Fin whale that washed up on Dublin's Dollymount Strand is buried on beach
THE fin whale which was last week discovered dead in the River Liffey and later washed up on Dollymount Strand has been buried on the beach.
The secretary of the Irish Whale and Dophin Group (IWDG), Conal O'Flanagan, told Independent.ie it was the correct way to deal with the carcass.
Diggers excavated a giant grave for the whale's carcass.
Along with the smell, the remains could have posed a danger to public health, he said.
"This is the proper way to deal with the remains," said Mr O'Flanagan
"For one thing, it is very smelly. But it can also pose a risk to the public, who can pick up diseases.
"It's not advisable to touch a dead whale," said Mr O'Flanagan.
He said that the remains would be tested.
"We have taken blubber samples," he added.
However, he said it was unlikely they would discover what exactly killed the whale.
The IWDG was first notified on Tuesday of a whale in Dublin Bay.
It later made its way up the River Liffey, a sign that it was not well.
"We got a call to say that a whale had been spotted off Red Rock in Sutton on Tuesday.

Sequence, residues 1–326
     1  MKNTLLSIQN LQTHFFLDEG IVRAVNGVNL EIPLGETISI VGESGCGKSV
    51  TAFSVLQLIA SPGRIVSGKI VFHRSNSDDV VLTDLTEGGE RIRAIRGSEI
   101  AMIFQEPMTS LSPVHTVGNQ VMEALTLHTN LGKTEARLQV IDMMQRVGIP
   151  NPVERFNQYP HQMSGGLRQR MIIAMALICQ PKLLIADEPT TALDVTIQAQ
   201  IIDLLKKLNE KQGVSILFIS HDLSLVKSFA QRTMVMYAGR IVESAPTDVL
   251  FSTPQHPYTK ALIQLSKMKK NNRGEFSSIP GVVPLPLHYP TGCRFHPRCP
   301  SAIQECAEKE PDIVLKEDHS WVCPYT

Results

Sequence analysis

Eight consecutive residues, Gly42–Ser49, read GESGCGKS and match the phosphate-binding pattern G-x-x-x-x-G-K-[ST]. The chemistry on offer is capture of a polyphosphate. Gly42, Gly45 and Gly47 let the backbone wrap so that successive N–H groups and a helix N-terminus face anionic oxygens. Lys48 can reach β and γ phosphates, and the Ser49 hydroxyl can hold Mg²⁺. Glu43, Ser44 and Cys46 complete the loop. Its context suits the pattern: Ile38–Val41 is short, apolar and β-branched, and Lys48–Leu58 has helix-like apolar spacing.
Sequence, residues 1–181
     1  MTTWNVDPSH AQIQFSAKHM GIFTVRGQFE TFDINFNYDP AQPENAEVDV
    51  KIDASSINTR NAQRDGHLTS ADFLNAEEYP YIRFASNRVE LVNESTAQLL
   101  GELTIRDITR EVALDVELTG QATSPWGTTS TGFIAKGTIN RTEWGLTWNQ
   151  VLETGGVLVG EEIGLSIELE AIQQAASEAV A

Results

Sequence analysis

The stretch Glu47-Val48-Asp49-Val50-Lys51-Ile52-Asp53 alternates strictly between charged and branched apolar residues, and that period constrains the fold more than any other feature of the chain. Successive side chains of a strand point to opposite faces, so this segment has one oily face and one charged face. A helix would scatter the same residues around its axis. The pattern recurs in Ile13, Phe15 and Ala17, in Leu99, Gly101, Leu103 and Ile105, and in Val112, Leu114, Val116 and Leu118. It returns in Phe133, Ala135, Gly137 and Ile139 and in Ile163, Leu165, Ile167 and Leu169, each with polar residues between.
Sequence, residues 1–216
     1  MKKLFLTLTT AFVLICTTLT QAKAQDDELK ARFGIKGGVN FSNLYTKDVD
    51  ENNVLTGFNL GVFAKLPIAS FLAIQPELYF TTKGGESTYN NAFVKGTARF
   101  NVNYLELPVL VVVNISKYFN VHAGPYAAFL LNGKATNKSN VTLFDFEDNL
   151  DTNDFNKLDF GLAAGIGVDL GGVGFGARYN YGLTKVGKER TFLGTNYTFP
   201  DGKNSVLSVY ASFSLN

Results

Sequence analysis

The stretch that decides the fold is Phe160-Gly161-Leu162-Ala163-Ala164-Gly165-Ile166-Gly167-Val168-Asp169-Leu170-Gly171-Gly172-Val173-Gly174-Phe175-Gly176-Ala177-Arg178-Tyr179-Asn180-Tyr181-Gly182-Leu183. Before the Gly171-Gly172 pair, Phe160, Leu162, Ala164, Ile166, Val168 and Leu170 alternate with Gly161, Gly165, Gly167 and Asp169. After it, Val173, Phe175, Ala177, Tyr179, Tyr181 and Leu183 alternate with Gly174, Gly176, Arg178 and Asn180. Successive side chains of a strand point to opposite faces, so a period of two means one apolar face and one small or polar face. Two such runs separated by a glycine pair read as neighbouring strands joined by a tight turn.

"Then, on Wednesday there was another sighting in the River Liffey near Dublin Port, where no whale should be," Mr O'Flanagan said, speaking last week.
"The fact that it was seen in shallow water off Sutton, the feeling was that it was not a well animal," he said.
"We are assuming that the sightings were of the same whale."
At first they believed it was a minke whale, but it later emerged it was a fin whale – the second-largest animal on the planet.
Such whales usually feed in much deeper oceans on fish.
"It was a long way from where it should have been.
"The fin whale is an interesting animal, it’s only a bit smaller than a blue whale," he said, adding that while the one spotted dead in the Liffey was young, a fully grown adult can be 25m long.